Beginning Aug. 1, all new septic systems in Delta County will have to be designed by a registered professional engineer, local health department officials tell the DCI. Repair and replacement of existing septic systems are exempt from the engineer design requirement.
The new rule was adopted by the Delta County Board of Health last month. It will make new septic systems more expensive for homeowners.
The new rule is the county's response to a state department of health regulation adopted in 2013 that requires stricter design criteria, inspections, and documentation of new septic installations.
Formerly the term ISDS (individual sewage disposal systems) was used for septics. The official term now is OWTS (on-site wastewater treatment systems). The new systems installed after Aug. 1 will have to meet design and performance criteria focused on systems that actually treat and purify wastewater rather than simply getting rid of the stuff.
In preparation for meeting the new state rules, the county health department had for the past year been doing actual engineered design of new systems in-house. But Environmental Health Director Ken Nordstrom explained that having local health department inspectors design the systems they themselves are responsible for approving was not a good situation for the department personnel to be in. So independent engineers are being given the job of design.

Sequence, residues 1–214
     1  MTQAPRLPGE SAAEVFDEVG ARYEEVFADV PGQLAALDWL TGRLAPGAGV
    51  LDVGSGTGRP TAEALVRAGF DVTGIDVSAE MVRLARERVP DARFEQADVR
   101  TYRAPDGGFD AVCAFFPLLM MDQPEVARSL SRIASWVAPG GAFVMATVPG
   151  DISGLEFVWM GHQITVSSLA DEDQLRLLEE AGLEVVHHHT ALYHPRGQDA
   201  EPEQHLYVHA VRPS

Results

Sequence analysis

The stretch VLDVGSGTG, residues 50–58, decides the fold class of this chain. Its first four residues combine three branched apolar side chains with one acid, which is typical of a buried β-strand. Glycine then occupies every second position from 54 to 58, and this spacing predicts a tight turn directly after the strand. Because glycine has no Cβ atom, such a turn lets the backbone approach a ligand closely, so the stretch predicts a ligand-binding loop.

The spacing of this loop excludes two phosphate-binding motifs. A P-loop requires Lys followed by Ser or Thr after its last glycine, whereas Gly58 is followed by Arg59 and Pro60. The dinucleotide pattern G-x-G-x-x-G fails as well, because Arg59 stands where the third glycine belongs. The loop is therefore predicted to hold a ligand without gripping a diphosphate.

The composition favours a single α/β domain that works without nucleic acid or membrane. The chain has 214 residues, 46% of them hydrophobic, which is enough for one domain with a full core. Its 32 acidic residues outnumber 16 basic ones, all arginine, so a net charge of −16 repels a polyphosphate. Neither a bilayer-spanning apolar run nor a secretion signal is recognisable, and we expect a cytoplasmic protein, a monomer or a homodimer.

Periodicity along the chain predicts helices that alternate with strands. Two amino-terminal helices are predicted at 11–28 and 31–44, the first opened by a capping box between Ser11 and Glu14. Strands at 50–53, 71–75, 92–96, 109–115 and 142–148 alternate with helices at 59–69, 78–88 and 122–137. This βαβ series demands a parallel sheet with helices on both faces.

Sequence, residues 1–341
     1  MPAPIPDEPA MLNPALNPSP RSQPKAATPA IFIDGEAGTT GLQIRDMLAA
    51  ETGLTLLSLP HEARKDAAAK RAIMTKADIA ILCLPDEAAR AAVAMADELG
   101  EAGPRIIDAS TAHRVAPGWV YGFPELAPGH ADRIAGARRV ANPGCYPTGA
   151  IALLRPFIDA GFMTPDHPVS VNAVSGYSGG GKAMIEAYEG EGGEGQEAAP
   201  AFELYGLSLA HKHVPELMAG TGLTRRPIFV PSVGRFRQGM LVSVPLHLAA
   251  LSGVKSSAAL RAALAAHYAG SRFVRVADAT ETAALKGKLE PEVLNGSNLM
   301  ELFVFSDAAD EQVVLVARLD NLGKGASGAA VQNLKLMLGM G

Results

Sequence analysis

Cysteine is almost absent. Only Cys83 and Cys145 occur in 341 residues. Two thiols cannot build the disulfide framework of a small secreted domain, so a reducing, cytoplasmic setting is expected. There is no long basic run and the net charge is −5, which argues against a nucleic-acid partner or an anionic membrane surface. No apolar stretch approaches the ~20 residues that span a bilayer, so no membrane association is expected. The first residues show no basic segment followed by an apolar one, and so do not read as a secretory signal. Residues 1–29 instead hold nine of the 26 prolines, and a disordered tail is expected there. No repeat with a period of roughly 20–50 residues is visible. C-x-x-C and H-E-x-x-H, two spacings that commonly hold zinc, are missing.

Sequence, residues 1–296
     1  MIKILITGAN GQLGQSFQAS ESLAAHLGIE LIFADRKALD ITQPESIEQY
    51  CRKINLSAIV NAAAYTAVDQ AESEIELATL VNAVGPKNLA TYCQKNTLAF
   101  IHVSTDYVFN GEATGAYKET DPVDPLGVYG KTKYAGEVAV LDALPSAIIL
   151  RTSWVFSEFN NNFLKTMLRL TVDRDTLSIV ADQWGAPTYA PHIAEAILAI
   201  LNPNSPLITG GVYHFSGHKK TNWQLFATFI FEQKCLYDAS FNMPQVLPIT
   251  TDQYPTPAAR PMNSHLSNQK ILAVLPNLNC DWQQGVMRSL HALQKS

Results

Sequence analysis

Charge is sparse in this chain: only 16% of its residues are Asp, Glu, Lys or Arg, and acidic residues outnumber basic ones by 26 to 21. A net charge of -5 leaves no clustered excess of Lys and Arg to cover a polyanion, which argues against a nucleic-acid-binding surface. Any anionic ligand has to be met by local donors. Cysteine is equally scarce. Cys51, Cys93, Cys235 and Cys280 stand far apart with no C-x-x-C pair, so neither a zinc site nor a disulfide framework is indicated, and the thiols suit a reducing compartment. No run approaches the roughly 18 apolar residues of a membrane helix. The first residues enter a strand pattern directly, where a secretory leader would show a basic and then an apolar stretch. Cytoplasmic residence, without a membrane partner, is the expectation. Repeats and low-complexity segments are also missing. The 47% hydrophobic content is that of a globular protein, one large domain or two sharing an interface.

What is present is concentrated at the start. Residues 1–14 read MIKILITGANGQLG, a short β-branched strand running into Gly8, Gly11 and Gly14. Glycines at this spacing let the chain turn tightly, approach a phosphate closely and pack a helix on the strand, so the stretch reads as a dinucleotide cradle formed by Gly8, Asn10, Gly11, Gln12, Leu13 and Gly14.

The new county regulation states, "All new construction and installation of on-site wastewater treatment systems shall be designed by a registered professional engineer, except for repairs, alterations, and replacement systems where registered professional engineered designs are not required."
Thanks to the efforts of state Rep. Millie Hamner, House District 61, Colorado State University plans to re-open the Rogers Mesa research site.
The facility was taken out of operation in 2011, due to budget cuts throughout the CSU system.